(Funhouse Lounge, Hosford-Abernethy, $5)

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That's right: the Mercury is hiring a news reporter! Could this person be you (or someone you know)? Read the job listing below, and if you know a good candidate, please help spread the word! (But hurry, hurry! The application deadline is this Tuesday, January 31!)

Now Hiring: News Reporter

The Portland Mercury is looking to add a full-time news reporter to our small, dynamic team—known locally for smart, deep, and accessible journalism and culture writing. This position will be primarily focused on short-form reporting, breaking news, and news roundups, but would also provide opportunities for more in-depth reporting as well as culture writing.

The Mercury is seeking applicants who can keep up with the quick pace of digital reporting. We want to hire someone with a natural curiosity that drives their reporting on virtually any subject—including but not limited to environmental justice, protests, racial inequity, labor, and local angles on national news stories.

We also want someone who strives to cover how different issues affect all Portlanders, and who can bring their own lived experiences to their reporting.

Ideally, we’d like applicants to possess the following:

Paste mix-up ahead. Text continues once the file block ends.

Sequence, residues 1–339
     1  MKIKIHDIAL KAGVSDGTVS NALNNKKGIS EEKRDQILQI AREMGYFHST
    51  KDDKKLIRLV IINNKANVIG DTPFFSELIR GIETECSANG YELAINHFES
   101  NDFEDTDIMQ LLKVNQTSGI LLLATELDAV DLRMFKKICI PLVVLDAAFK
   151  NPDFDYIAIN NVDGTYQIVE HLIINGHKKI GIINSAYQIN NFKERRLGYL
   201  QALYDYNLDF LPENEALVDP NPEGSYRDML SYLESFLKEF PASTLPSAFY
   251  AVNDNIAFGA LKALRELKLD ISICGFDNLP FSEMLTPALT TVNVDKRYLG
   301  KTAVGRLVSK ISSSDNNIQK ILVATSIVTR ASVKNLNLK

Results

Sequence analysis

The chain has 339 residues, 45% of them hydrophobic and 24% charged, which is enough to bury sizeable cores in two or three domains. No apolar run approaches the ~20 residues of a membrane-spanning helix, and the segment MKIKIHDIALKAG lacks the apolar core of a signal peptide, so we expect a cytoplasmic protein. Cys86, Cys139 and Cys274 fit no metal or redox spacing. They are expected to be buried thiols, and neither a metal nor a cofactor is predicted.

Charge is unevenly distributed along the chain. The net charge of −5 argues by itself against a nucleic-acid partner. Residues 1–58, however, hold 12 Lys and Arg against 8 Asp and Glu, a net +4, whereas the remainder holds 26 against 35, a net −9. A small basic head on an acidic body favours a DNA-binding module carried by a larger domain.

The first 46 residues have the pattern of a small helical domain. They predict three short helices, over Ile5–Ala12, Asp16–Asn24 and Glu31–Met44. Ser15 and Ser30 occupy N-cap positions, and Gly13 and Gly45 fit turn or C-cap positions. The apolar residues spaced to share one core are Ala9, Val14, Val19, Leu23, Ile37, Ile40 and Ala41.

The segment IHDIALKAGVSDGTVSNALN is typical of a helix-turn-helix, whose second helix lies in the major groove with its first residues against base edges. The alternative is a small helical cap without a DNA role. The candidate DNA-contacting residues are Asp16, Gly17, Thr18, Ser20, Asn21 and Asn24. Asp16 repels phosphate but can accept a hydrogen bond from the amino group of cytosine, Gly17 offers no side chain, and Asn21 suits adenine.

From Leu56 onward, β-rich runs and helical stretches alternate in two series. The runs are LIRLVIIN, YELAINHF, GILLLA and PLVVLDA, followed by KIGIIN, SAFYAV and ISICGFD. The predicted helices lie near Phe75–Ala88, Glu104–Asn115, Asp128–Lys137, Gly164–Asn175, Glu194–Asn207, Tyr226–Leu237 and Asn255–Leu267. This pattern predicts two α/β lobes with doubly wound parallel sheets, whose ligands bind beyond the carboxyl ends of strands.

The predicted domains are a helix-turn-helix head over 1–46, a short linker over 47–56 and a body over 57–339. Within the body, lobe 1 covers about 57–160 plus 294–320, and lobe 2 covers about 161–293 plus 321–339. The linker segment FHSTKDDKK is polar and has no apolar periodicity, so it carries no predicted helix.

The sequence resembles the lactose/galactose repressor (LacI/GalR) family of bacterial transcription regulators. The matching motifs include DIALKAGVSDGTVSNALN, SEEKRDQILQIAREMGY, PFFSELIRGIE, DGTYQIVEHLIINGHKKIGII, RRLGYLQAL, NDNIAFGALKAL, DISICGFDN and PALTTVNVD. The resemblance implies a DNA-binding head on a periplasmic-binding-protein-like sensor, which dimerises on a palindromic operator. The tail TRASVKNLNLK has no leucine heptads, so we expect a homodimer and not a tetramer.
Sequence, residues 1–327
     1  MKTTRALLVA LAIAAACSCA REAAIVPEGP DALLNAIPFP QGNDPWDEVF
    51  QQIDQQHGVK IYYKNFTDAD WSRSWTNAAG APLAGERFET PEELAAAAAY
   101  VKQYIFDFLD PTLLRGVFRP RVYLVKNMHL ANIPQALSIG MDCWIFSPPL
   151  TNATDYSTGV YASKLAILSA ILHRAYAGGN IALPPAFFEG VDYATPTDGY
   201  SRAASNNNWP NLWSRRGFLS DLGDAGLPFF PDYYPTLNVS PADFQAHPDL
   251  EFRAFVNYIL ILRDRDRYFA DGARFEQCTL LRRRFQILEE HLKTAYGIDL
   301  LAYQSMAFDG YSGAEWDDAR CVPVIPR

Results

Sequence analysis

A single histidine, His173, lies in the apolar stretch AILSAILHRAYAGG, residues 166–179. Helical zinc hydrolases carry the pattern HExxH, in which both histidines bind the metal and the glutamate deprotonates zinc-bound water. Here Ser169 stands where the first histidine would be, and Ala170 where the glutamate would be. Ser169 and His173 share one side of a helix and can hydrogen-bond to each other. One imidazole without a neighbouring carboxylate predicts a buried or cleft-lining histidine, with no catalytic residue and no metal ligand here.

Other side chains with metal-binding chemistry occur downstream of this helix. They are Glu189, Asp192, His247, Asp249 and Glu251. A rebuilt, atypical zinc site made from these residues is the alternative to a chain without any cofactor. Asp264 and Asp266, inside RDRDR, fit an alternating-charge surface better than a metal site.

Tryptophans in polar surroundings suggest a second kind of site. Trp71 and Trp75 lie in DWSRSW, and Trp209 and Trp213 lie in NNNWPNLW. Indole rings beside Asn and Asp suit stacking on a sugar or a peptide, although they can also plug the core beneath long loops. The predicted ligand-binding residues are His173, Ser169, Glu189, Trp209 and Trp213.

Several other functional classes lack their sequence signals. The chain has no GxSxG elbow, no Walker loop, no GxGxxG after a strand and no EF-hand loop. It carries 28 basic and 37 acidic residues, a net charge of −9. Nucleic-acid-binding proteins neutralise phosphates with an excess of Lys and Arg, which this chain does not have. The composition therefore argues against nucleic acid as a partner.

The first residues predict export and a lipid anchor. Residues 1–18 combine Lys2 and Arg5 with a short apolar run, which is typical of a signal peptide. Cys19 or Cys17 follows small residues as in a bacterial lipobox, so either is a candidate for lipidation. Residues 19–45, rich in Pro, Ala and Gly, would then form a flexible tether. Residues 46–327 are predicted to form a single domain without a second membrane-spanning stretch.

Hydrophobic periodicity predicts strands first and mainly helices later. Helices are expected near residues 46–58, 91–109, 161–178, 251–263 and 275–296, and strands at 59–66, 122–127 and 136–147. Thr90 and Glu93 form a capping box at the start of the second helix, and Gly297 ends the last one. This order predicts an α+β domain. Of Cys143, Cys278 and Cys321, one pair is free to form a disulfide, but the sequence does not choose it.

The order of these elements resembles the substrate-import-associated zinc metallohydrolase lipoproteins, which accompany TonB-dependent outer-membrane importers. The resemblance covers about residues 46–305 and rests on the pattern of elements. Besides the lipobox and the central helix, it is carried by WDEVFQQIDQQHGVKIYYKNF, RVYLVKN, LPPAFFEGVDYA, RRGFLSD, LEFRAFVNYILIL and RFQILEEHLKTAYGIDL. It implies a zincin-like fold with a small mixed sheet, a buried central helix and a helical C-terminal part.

Continue reading »

The Mercury provides news and fun every single day—but your help is essential. If you believe Portland benefits from smart, local journalism and arts coverage, please consider making a small monthly contribution, because without you, there is no us. Thanks for your support!

Good Morning, Portland! I saw Infinity Pool last night and LET ME TELL YOU, portraying wealthy villains as murderous hedonists is just a smoke screen for the real shit people do like abusing nonprofit status to make money. Let's get furious. It's time for THE NEWS.

IN LOCAL NEWS:

• Yesterday Mercury News Editor Isabella Garcia broke down an announcement from Portland City Laborers, warning that the union workers—who run much of city’s wastewater treatment, sewer line repair, parks maintenance, and snow/ice transportation maintenance—may need to strike, starting Feb 2, if the City of Portland cannot come to a contract agreement. They have been trying to reach an agreement for 10 months. Late in the day, following the announcement, Mayor Wheeler issued an emergency declaration—which might make it easier for him to cover the services shortage in the event of such a strike. Take note: There's a PCL rally in front of City Hall this Saturday, January 28, at noon.

Wheeler acknowledged that sweeps aren't a solution to homelessness, but he's going to do this anyway:

• Today in CRAB NEWS: Around 200 miles of Oregon coast has been open for commercial crabbin' since Jan 15, and the rest will open for the season by Feb 4. You can recreationally crab pretty much year round, but don't fuck up and keep the egg-laying female crabs. Keep your eyes peeled for mounds / balls of dude crabs bro-ing down together. Definitely get pinched; it's tradition.

• Whimsical graphic artist Mike Bennet has a lot of Portland fans, so I will be interested in whether Portland police actually investigate his burglary complaint

Portland-based journalist Rose Wong wrote a smart, evocative essay about her experience(s), celebrating Lunar New Year alone. It opens with a grandmother, holding her one-year-old grandson on her hip—"giving the chunky boy a boost when he began to slide"—and asking Wong, "Why are you eating by yourself?"